Who is safe in the water today?
It’s deeply saddening and disappointing when you read the morning news or see it on TV that someone’s child got drowned. No matter whether he/she was a good swimmer or not! There is a number of reasons for this, but the most common ones are inappropriate behaviour in the water, lack of attention, as well as overestimation of people’s own skills and swimming capabilities.
Every year, when the swimming season starts, more than hundred children and adults drown in Serbia. The statistics say that, on average, almost every day we have one person who getting drowned. However, according to the World Health Organisation, Serbia is ranked 147th based on the number of drowned people per capita, which would mean that, on average, we are the nation of great swimmers. But is that really so?
It is a harsh reality that drowning happens very slowly yet it takes away the most precious ones very quickly. The most common victims are children. Again, the data shows that around 50% of accidental drowning of children happens in the public swimming pools. Most of these children are boys, usually under the age of four. On the other hand, a significant percentage of these fatal drownings happen also in our own, home-based pools.
Many parents think that if they put the swimming arm bands on their children’s arms and let them swim in the swimming pool or in the sea, or just to play in the shallow end, that they met all necessary safety measures. It doesn’t happen very often, but it can be that the arm bands lose air for some reason, or that their child decides to take them off in order to show off in front of his/her friends, or wearing them makes him/her feel uncomfortable…
Therefore, always keep an eye on what your children are doing when they are near or in the water, because one second is enough for a fatal accident.
Not long ago I was sitting in a small pool with my two kids, my little shark (2.5 years old) and my little fish (13 months old). We were playing together. I was between the two of them. At one point, I turned to my son to help him fix his goggles. At that very moment, I heard my wife shouting (who was only two steps away from me). I looked around, and I saw my little fish upside down in the pool with her head in the water and her legs above it. I pulled her out immediately. Fortunately, everything was ok with her because of my swift reaction. She also didn’t get scared or ended up swallowing a lot of water as she had been familiar with it since she was 4 months old. Now, if you ask me, how this happened, I wouldn’t be able to explain. It was only a brief second of shifting my attention to the other child.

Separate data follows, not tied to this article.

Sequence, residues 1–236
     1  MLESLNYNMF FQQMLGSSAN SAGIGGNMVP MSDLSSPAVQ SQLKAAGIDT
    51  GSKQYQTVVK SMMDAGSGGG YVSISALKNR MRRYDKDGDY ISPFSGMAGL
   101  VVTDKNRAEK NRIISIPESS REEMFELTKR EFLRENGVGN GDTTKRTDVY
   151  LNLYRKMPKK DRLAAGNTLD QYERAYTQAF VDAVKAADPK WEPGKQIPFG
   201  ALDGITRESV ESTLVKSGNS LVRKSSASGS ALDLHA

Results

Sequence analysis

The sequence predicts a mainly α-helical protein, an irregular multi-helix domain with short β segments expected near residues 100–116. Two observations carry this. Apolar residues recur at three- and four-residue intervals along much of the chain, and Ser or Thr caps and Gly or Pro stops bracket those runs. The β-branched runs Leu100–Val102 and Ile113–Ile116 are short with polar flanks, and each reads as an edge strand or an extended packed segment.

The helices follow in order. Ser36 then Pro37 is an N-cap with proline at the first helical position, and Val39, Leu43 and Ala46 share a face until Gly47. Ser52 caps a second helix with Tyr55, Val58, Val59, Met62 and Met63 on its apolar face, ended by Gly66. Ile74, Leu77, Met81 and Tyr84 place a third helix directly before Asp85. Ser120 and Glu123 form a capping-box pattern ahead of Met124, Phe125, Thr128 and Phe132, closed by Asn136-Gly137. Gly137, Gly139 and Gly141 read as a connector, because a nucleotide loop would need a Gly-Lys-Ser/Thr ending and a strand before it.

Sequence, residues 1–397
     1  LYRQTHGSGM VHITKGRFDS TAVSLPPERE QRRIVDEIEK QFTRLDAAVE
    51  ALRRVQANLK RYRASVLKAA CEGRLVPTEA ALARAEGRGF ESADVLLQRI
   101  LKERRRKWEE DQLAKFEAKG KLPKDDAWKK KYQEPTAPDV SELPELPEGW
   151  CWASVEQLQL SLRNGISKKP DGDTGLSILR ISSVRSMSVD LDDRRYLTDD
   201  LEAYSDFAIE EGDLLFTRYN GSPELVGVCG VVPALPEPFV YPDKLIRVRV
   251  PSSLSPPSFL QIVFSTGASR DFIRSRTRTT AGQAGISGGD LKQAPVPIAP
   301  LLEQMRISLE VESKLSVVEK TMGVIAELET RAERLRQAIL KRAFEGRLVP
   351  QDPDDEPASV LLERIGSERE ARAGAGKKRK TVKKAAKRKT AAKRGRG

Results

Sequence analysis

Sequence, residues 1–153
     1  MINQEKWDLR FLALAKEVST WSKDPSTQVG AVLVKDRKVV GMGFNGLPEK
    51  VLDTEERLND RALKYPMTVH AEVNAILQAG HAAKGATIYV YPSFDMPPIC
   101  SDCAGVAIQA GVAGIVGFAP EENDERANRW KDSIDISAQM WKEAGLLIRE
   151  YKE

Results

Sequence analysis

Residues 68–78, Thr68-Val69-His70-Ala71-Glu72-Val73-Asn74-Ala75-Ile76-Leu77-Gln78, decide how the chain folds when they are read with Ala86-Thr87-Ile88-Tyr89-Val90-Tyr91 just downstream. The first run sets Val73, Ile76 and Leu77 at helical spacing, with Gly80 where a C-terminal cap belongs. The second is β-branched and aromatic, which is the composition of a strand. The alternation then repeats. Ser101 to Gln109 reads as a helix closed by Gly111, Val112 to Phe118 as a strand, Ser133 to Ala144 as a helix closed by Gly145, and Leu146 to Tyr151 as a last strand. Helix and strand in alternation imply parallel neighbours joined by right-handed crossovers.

No, please do not panic, but be aware that this could happen to you too and not just some random person in the news. Especially in case of teenagers, or those who “know” to swim well. Of course, we should not become their shadows lurking above their heads and stalking them while they are near or in the water. Actually, it is up to us, parents, aunts, uncles, and all those more experienced swimmers who are close to them to inform them about these misfortunate situations – to educate them. Certainly, they must learn how to swim first.
What is important to tell your children when they go swimming with their friends? They have to know that they are not lifeguards. That they must first protect themselves in those moments and then help the others in order to avoid a potential double tragedy. It may sound a bit selfish but if there is no lifeguard present or someone who is more experienced, what they need to do first is to find a floating device (a board, ball, plastic water balloon) or some kind of a rope (T-shirt, trousers, belt or even a branch) that they could throw to the person drowning.
Furthermore, children who take swimming lessons can also learn: advanced personal and lifesaving techniques through different games: turning to their side, turning in the water, floating with and without different aids and what to do after they jump or fall into the water. Today even, believe it or not, babies are taught these techniques as well.
Every professional swimming club should provide this type of education and training to their club members, no matter their age, as these can save their lives. Therefore, check if a club near you has them and if it does, enrol your child!
We must teach our children how to be safe near, on, and in the water.